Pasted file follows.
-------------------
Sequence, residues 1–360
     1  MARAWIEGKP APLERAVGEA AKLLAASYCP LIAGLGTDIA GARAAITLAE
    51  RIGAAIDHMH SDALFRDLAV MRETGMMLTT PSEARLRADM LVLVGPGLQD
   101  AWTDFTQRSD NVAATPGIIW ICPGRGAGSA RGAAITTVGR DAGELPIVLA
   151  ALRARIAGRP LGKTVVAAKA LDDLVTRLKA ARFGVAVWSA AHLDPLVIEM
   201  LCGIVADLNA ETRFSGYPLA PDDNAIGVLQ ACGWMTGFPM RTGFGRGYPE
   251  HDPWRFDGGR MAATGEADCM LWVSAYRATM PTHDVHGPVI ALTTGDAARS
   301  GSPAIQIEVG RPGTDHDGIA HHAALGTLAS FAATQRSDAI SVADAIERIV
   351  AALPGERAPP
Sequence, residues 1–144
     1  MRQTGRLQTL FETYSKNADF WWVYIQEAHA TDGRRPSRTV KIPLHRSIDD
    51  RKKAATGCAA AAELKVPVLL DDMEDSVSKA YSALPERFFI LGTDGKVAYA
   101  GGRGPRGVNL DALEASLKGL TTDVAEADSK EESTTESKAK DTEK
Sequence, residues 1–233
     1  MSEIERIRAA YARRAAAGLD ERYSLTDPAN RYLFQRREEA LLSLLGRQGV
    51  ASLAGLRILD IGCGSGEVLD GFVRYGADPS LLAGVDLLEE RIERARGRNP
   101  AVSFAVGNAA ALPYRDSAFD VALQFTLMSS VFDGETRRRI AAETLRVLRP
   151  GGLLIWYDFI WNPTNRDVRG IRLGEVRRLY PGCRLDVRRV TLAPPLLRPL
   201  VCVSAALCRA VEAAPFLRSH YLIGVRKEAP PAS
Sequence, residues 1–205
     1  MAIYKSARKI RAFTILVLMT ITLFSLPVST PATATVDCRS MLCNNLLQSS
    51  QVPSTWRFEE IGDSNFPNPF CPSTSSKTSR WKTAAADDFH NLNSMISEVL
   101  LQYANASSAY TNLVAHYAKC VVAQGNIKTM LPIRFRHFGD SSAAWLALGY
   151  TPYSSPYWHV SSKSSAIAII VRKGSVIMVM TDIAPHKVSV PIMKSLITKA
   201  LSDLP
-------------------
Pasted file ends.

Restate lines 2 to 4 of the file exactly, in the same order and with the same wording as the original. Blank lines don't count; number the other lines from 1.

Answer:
     1  MARAWIEGKP APLERAVGEA AKLLAASYCP LIAGLGTDIA GARAAITLAE
    51  RIGAAIDHMH SDALFRDLAV MRETGMMLTT PSEARLRADM LVLVGPGLQD
   101  AWTDFTQRSD NVAATPGIIW ICPGRGAGSA RGAAITTVGR DAGELPIVLA